Simulated effects of mean growth rate on variation in growth and body mass of Atlantic salmon (a–d) and Arctic charr (e–h) juveniles based on estimated effect of mean growth rate on SD growth from experiments. All simulations use a common mean and SD of initial body mass identical to that used in the growth experiments.

Figure 4.

 Simulation results as in Fig. 3, but with no variation in initial body mass.

Temperature was used as an environmental factor to provide estimates of the direct effect of mean growth on SD growth. It is possible that the relatively low increase in SD growth with increasing mean growth was caused by lower variation in competitive abilities at temperatures providing higher growth. However, this seems unlikely, as previous observations suggest salmonid aggressive interactions to be most pronounced at temperatures closer to those providing maximum growth rates (e.g. Vehanen et al. 2000; Vehanen & Huusko 2002). Thus, if anything, competitive abilities should be more variable at temperatures providing good growth because of more direct interactions among individuals. Furthermore, even if competitive abilities were less variable at temperatures providing higher growth, this does not alter our conclusion that environmental factors other than density or food availability that influence mean growth will indirectly influence measures of variation of growth or final body size.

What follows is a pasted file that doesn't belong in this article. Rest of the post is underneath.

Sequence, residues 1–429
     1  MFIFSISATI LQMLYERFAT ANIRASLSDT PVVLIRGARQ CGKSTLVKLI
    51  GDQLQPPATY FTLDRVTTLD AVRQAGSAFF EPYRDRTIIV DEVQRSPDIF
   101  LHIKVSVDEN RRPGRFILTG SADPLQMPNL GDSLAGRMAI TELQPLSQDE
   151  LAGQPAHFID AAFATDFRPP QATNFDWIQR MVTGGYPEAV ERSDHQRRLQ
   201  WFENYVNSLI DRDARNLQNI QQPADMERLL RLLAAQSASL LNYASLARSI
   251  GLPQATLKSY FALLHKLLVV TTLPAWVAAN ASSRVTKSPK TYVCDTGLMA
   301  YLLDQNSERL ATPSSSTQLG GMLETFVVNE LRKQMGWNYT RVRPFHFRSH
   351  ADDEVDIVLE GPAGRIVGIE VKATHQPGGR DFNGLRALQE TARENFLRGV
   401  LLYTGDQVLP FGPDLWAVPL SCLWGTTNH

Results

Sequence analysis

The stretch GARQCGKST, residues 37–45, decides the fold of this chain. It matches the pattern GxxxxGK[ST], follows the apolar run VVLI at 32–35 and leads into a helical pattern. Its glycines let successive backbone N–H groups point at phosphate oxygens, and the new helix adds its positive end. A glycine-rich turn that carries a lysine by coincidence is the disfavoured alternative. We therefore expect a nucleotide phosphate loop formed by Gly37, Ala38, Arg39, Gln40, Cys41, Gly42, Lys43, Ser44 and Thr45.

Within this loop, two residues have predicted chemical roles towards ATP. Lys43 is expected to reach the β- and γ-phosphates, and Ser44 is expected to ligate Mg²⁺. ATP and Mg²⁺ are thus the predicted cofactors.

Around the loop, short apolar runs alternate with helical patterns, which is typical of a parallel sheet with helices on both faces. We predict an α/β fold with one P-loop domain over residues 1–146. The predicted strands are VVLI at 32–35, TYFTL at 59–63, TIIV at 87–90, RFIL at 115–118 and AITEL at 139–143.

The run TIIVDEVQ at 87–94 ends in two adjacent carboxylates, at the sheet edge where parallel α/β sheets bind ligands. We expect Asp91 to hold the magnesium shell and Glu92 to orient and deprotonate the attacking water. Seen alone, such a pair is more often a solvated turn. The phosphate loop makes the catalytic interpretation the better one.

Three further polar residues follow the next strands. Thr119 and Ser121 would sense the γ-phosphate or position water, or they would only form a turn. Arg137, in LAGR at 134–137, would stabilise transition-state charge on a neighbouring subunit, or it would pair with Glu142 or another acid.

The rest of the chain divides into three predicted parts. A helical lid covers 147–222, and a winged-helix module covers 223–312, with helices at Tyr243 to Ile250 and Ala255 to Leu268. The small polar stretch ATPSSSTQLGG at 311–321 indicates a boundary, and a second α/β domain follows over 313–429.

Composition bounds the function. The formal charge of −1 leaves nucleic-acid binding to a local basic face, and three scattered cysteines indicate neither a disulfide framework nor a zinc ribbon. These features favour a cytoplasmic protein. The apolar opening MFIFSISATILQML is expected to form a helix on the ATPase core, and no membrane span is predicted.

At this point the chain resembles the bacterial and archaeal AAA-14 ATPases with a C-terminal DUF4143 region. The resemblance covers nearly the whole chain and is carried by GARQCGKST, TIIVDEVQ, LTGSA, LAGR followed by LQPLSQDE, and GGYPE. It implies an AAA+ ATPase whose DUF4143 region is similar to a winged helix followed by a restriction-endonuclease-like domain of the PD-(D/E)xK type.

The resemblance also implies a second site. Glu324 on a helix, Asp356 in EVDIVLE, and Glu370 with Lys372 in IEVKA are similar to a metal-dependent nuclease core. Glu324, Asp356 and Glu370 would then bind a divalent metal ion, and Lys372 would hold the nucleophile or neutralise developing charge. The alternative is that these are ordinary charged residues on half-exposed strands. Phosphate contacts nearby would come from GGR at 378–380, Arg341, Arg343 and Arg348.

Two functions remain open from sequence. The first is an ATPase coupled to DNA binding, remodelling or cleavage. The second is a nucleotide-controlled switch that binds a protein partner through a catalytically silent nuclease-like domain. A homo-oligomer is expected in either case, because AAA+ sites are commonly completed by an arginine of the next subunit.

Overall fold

In conclusion, it seems unlikely that insights regarding size-specific competitive effects can be obtained from measures of variation in either growth or body size. If any attempts to do so are made, they should test for a positive correlation between SD body size and measures of competitive intensity (e.g. population density). However, this will be an extremely conservative test, because the appropriate null-hypothesis is a certain negative correlation, and a negative result (i.e. lack of a positive relationship) will therefore be of little value. Thus, future attempts to quantify relationships between body size and impacts of competitive intensity should employ more traditional analyses of variance on individual data (i.e. interactions between body size and competition on growth rates).

Acknowledgements

We thank the staff at the NINA Research Station Ims for assistance with the experiments. Financial support to the experimental studies was provided by the Norwegian Research Council, Norwegian Institute for Nature Research and the European Commission under the FAIR-programme (CT95-0009).